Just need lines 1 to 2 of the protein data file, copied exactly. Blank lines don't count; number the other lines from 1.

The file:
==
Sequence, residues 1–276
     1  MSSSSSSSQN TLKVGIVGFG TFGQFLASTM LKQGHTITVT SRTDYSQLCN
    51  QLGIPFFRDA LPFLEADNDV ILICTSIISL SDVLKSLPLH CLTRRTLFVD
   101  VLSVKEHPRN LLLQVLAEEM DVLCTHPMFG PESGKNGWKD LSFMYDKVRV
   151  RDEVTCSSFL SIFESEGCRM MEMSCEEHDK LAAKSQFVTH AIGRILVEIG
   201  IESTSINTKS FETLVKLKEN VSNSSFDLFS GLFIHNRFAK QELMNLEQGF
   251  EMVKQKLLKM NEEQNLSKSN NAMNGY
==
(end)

Sequence, residues 1–276
     1  MSSSSSSSQN TLKVGIVGFG TFGQFLASTM LKQGHTITVT SRTDYSQLCN